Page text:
By Brittney Reed-Saltz
For a long time I thought that I disliked short stories. Maybe this was the result of only encountering the form in school, where stories were assigned as examples of form or technique, read quickly and squeezed of all their juice and left, at the end of a class discussion, wrung out dry. I spent so much time reading short stories in school that I didn’t seek them out for leisure reading, preferring novels.
But as an adult, I rediscovered the short form and how downright enjoyable stories can be. True, they’re not the full-blown escape of a novel, but they are portals, little interludes into other worlds, and they can do things that novels can’t. Their brevity affords them the freedom to be more poetic and occasionally less logical. They can experiment and confound and beguile. They’re great fun.
Here are three collections of short stories that I love, all of which were written by women. All of them are, more or less, dark fantasy, though each author’s interpretation of the genre reflects different influences, and provides something for very different readers.
Her Body and Other Parties by Carmen Maria Machado
Recently I wrote about book hangovers, and this is the specific book that inspired that post. Machado’s work blends magical realism, horror, and absurdism to comment on the everyday horrors of existing as a woman: sexual assault, body image issues, sexism. To say that Machado is unafraid to tread into weird territory or to leave readers with lingering questions is an understatement. On occasion I would finish a story and wonder what I had just read, but if you’re okay with open-ended resolutions that will make you keep thinking about the stories after you finish them, you’ll be at home with this collection.
– “Inventory,” which charts an apocalyptic pandemic through a list of the narrator’s lovers.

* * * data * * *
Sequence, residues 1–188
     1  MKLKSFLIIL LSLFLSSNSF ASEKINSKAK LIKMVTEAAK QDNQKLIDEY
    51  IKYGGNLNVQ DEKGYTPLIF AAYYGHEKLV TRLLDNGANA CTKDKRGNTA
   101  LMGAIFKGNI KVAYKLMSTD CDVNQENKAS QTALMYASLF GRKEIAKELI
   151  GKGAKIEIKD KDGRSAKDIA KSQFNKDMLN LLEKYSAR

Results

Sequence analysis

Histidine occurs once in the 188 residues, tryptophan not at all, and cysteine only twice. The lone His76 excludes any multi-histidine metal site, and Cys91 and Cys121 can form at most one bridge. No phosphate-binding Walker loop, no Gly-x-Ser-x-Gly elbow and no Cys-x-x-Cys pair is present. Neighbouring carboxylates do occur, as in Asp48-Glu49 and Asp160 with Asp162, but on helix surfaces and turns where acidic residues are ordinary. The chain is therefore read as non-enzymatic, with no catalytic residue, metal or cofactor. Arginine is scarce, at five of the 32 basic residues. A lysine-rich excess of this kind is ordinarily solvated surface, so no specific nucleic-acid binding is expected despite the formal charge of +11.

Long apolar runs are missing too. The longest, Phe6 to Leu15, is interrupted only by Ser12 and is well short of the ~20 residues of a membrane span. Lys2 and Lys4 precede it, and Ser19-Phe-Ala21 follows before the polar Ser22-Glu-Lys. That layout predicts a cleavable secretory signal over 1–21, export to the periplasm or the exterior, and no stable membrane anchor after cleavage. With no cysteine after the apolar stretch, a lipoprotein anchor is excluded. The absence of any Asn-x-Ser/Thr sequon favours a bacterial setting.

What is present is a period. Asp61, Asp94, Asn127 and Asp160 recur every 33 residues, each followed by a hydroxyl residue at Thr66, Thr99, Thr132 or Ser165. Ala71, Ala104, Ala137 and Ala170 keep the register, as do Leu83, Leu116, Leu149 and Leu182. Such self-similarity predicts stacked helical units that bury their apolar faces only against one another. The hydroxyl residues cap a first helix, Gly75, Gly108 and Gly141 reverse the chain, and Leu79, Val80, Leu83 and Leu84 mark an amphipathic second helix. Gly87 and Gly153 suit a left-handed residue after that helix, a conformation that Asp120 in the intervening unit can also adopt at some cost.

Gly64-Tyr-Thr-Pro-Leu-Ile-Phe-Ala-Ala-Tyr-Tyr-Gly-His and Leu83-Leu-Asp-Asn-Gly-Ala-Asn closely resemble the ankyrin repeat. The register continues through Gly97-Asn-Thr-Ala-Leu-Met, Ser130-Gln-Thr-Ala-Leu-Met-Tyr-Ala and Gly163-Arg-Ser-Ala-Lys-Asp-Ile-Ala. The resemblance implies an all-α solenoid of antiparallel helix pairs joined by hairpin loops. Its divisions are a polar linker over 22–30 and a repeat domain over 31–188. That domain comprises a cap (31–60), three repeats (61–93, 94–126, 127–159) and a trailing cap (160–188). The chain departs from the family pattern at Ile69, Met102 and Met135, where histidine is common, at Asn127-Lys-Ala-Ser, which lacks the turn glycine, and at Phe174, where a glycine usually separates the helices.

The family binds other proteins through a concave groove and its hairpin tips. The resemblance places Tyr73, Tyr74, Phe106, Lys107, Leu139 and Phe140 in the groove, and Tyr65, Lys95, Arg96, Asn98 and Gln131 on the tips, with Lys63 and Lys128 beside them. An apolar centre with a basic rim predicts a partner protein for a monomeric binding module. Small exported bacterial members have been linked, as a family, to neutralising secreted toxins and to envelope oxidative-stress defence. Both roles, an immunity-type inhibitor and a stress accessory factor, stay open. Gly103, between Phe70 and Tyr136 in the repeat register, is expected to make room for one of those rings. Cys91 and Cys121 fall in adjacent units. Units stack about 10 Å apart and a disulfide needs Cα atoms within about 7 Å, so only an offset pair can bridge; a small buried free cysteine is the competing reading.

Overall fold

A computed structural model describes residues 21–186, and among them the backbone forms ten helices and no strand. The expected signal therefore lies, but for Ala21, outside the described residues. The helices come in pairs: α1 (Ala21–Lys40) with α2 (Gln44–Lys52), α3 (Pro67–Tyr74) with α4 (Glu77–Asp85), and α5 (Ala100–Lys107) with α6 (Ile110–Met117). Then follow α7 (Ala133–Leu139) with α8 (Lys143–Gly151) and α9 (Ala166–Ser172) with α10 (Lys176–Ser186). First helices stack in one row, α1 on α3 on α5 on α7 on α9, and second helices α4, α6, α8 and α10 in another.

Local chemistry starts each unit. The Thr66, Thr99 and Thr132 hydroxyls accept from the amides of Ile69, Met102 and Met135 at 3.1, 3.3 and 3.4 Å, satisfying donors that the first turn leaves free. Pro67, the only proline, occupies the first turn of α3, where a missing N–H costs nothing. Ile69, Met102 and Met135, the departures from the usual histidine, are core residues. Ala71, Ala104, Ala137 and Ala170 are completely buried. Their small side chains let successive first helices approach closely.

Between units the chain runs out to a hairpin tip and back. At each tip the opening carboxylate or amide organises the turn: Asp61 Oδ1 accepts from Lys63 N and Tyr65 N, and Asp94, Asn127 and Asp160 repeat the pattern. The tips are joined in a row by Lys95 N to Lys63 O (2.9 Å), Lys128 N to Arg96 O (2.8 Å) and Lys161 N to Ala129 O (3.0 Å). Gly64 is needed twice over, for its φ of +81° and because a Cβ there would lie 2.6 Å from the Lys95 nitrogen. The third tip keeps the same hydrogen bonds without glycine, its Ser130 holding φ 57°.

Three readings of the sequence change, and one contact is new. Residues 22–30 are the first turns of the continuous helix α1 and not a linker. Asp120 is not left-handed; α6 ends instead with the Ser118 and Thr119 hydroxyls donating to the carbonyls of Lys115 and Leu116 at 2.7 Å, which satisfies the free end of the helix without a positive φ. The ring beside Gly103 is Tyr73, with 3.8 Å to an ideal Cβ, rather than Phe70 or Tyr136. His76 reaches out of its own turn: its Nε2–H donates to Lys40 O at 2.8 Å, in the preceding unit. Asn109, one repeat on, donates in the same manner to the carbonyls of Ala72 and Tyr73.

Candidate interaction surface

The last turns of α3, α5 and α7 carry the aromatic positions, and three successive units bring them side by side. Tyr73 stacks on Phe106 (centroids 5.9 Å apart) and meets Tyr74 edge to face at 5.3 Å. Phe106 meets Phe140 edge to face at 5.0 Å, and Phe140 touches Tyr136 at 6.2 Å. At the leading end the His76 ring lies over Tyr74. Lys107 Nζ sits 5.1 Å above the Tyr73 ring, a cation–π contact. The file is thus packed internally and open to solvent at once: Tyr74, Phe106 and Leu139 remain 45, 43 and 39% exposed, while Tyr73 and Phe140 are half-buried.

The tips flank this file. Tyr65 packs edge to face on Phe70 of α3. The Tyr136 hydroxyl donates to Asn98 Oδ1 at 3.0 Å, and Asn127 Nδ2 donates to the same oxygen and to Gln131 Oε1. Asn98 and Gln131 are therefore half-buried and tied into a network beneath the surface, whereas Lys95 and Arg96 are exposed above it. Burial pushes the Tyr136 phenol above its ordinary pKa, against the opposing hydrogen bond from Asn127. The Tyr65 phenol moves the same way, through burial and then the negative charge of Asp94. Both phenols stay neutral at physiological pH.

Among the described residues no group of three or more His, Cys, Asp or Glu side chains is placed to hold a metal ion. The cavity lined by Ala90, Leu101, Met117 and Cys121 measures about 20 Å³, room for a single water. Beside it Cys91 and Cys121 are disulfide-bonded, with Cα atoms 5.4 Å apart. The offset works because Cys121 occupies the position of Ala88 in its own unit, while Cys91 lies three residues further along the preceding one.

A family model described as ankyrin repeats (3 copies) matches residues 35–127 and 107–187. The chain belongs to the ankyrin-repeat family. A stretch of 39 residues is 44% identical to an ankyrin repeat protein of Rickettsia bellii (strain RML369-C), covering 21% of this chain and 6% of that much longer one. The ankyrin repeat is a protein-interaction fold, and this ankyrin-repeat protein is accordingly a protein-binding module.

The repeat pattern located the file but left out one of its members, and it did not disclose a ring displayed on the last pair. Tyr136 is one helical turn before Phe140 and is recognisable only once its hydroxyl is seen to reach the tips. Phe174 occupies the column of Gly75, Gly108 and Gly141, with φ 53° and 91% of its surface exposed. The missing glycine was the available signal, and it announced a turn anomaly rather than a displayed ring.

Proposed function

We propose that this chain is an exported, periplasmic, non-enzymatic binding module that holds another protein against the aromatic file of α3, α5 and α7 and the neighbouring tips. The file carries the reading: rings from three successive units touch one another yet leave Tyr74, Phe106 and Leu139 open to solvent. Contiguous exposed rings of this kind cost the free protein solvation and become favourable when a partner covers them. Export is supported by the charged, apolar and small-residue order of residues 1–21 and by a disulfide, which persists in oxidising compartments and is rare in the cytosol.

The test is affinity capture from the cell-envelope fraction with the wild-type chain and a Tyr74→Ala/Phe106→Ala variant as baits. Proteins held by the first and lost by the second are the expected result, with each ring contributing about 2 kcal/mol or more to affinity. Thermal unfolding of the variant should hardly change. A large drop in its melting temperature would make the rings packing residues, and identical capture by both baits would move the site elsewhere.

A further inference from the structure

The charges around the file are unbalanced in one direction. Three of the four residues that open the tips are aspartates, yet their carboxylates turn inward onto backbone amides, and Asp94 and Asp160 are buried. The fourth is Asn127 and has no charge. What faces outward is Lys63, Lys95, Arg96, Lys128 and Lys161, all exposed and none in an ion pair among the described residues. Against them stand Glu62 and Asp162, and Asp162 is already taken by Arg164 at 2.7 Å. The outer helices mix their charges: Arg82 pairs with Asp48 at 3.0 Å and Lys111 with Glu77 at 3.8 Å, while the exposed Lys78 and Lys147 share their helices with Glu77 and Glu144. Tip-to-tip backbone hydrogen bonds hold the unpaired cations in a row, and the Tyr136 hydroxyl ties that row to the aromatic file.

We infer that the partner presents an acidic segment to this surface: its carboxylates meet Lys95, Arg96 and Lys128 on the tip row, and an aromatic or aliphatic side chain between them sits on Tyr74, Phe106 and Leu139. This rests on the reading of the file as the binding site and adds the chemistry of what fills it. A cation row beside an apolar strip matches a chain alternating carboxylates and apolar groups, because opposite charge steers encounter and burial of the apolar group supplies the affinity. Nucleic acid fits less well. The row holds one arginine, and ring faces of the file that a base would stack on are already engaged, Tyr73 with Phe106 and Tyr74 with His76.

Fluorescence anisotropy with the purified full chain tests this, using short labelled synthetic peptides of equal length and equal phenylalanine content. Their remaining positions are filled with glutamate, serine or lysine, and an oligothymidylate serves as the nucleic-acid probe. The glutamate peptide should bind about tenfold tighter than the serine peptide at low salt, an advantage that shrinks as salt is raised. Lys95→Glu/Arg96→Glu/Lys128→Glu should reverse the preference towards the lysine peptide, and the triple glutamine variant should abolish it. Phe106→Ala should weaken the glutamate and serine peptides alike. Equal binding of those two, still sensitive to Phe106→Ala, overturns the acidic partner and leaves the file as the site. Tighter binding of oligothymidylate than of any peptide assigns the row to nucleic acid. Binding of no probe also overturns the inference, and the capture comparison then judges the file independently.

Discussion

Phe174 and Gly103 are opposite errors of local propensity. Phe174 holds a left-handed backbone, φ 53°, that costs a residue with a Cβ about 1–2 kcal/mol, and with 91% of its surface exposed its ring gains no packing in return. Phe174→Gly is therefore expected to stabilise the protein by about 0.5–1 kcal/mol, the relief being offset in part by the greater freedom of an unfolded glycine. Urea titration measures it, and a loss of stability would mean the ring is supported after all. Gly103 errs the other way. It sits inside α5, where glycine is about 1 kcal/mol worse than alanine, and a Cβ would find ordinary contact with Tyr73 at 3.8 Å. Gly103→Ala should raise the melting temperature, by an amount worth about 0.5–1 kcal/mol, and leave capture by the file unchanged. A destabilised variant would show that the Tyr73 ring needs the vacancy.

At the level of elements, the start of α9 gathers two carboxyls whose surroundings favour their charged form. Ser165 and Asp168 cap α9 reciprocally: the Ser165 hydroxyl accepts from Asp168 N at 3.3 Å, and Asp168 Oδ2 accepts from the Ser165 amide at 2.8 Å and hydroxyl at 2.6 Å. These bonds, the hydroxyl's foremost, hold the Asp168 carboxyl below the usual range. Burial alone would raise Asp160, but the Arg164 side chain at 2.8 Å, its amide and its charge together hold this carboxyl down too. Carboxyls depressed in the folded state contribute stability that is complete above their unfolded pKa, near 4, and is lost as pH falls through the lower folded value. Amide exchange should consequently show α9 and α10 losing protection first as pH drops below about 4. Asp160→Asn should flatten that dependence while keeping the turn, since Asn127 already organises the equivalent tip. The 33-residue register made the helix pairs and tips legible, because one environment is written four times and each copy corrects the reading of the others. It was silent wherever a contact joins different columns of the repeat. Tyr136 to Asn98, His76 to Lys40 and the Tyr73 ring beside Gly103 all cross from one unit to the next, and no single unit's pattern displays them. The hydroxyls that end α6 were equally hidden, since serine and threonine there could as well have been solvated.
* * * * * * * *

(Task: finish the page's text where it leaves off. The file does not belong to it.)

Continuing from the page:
– “The Husband Stitch,” a feminist retelling of “The Green Ribbon” that name-drops a litany of beloved urban legends.
The Poison Eaters and Other Stories by Holly Black
Holly Black is one of my most beloved authors. She always delivers a mixture of beauty and darkness that I find irresistible, and she’s among the best writers working within the framework of faerie folklore today. Some of the stories in this collection are more memorable than others, but all of them are enjoyable, and this would be a good introduction to Black’s writing if you’ve never read her before.
– “The Night Market,” an atmospheric faerie story that recalls shades of Christina Rossetti’s “Goblin Market.”
– “The Coat of Stars,” which features a tender and affecting love alongside lush descriptions of fabrics that made me want to dust off my neglected sewing machine.
– “Going Ironside,” which fits into Black’s Modern Faerie Tales series, one of my favorite urban fantasy trilogies.
The Bloody Chamber and Other Stories by Angela Carter
If you want fairy tales in the Brothers Grimm sense, this book is a must-read. Carter captures the darkness of the original stories that Walt Disney edited out in favor of singing birds and helpful mice, and she adds her own shades of darkness. Female characters in fairy tales often exist in more shadow than might initially be made apparent by the unadorned, matter-of-fact language in which they’re usually written, and Carter delves into those shadows with eagerness and intelligence. Her writing is lyrical, bawdy, and sharp, perfectly tuned to her subject matter, timeless while maintaining an underlying modernity of attitude.
– “The Erlking,” a folkloric story about a woman drawn to a wildman in a forest despite the dangers he poses.
– “The Lady of the House of Love,” the profoundly Gothic tale of a vampire Countess living in a moldering Romanian castle on the eve of World War I.